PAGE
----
back away


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back 1

 (băk)
n.
1.
a. The part of the trunk of the human body along and to the sides of the spine between the neck and the pelvis; the dorsum.
b. The analogous dorsal region in other animals.
2. The backbone or spine.
3. The part or area farthest from the front.
4. The part opposite to or behind that adapted for view or use: the back of the hand; wrote on the back of the photograph.
5. The reverse side, as of a coin.
6. A part that supports or strengthens from the rear: the back of a couch.
7.
a. The part of a book where the pages are stitched or glued together into the binding.
b. The binding itself.
8. Sports
a. A player who takes a position behind the front line of other players in certain games, such as football and soccer.
b. In swimming, backstroke.
v. backed, back·ing, backs
v.tr.
1. To cause to move backward or in a reverse direction: Back the car up and then make the turn.
2. To furnish or strengthen with a back or backing.
3.
a. To provide with financial or material support: Unions backed the pro-labor candidate.
b. To lend moral support to, as by corroborating a claim. Often used with up: I'm not comfortable filing a complaint if you won't back me up.
c. To be in favor of; endorse or advocate: backed the reform proposal. See Synonyms at support.
4. To provide with musical accompaniment. Often used with up.
5. To bet or wager on.
6. To adduce evidence in support of; substantiate: backed the argument with facts.
7. To form the back or background of: Snowcapped mountains back the village.
v.intr.
1. To move backward: backed out of the garage.
2. To shift to a counterclockwise direction. Used of the wind.
adj.
1. Located or placed in the rear: Deliveries should be made at the back entrance.
2. Distant from a center of activity; remote.
3. Of a past date; not current: a back issue of a periodical.
4. Being owed or due from an earlier time; in arrears: back pay.
5. Being in a backward direction: a back step.
6. Linguistics Pronounced with the back of the tongue, as oo in cool. Used of vowels.
adv.
1. At, to, or toward the rear or back.
2. In, to, or toward a former location: went back for the class reunion.
3. In, to, or toward a former condition: When the spell broke, the prince turned back into a frog.
4. In, to, or toward a past time: This story goes back to the 1920s.
5. In reserve or concealment: We kept back some money for emergencies.
6. In check or under restraint: Barriers held the crowd back.
7. In reply or return: emailed back that he would be late.
Phrasal Verbs:
back away
To withdraw from a position; retreat.
back down
To withdraw from a position, opinion, or commitment.
back off
To retreat or draw away.
back out
1. To withdraw from something before completion.
2. To fail to keep a commitment or promise.
back up
1. To cause to accumulate or undergo accumulation: The accident backed the traffic up for blocks. Traffic backed up in the tunnel.
2. Computers To make a backup of (a program or file).
Idioms:
back and fill
1. Nautical To maneuver a vessel in a narrow channel by adjusting the sails so as to let the wind in and out of them in alteration.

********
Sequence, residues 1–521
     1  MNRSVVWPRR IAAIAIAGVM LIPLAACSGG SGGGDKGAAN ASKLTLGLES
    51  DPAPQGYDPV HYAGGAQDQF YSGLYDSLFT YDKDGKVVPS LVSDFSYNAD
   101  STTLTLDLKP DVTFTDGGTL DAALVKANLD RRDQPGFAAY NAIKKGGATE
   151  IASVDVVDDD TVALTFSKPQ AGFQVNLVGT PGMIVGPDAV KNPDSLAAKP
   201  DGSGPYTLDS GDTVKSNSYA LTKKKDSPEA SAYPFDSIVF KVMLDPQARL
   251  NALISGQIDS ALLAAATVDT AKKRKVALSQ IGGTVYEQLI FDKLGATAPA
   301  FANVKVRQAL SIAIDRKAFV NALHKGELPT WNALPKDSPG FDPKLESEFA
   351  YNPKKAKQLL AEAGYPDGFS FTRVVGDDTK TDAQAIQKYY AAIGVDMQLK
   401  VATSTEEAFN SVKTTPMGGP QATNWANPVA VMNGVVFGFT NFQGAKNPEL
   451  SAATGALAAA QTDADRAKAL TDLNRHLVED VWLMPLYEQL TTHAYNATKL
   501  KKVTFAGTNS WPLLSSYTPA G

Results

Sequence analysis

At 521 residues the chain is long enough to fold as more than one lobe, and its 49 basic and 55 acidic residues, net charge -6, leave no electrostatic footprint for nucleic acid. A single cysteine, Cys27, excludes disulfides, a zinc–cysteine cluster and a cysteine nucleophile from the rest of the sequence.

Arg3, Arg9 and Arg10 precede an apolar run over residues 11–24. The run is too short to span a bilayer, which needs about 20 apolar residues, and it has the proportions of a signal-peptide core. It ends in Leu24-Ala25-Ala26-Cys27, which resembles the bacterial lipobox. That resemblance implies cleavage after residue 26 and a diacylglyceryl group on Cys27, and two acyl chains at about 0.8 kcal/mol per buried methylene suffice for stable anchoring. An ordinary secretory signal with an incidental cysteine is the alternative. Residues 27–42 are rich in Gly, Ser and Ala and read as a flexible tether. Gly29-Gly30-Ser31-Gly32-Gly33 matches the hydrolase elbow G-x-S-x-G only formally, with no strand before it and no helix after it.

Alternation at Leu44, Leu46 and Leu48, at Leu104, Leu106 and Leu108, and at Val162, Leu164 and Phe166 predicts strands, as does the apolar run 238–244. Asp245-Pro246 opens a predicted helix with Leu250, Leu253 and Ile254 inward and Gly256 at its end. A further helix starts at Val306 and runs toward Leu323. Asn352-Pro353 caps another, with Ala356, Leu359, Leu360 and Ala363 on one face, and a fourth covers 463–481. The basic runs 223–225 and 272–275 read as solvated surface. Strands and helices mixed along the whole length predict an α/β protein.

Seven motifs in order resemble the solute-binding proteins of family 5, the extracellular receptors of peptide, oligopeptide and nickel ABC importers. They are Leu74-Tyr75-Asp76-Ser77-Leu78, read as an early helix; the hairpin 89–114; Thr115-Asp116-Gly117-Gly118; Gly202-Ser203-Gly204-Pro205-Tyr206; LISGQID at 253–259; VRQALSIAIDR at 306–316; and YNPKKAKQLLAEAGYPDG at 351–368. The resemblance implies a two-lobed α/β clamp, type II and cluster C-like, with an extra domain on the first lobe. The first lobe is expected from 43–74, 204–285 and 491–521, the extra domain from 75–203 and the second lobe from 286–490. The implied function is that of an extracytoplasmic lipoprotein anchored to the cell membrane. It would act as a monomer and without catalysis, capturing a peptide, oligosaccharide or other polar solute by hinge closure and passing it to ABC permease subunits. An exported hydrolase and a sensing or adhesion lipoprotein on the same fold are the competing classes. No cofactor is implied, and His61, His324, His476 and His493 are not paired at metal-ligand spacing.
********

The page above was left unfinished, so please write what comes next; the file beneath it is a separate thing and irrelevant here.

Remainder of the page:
2. To vacillate in one's actions or decisions.
back to back
Consecutively and without interruption: presented three speeches back to back.
behind (one's) back
In one's absence or without one's knowledge.
have got (someone's) back
To be prepared or ready to support or vouch for someone, as in a crisis.
have (one's) back up
To be angry or irritated.
off (someone's) back
No longer nagging or urging someone to do something.
on (someone's) back
Persistently nagging or urging someone to do something.

[Middle English bak, from Old English bæc.]

back′less adj.

back 2

 (băk)
n.
A shallow vat or tub used chiefly by brewers.

[Dutch bak, from French bac, from Old French, boat, from Vulgar Latin *baccus, vessel, probably of Celtic origin.]
ThesaurusAntonymsRelated WordsSynonymsLegend:
Verb1.back away - make a retreat from an earlier commitment or activity; "We'll have to crawfish out from meeting with him"; "He backed out of his earlier promise"; "The aggressive investment company pulled in its horns"
draw back, move back, pull away, pull back, recede, retreat, withdraw, retire - pull back or move away or backward; "The enemy withdrew"; "The limo pulled away from the curb"
Translations

w>back away

vizurückweichen (→ from vor +dat)
References in classic literature ?
The Frenchman began to back away, suspicious of the ominous vigor of the last order--began to back away, shrugging his shoulders and spreading his hands apologetically.
We went winding in and out amongst the trees, and sometimes the vines hung so thick we had to back away and go some other way.
He tried the right, and had to back away from a furniture van that had no business to be there.
I turned back away from the park and struck into Park Road, intending to skirt the park, went along under the shelter of the terraces, and got a view of this stationary, howling Martian from the direction of St.
Quickly he crouched back away from the entrance, at the same time turning his eyes toward me.
If visa liberalisation does not follow, we will be forced to back away from the deal on taking back (refugees) and the agreement of March 18," he said, adding that the Turkish government was waiting for a precise date for visa liberalisation.
Although there were hints some weeks ago that the Islamic Republic might be trying to back away from its staunch support of Syrian President Bashar Al-Assad, Tehran has now cemented itself even more tightly behind the Assad regime.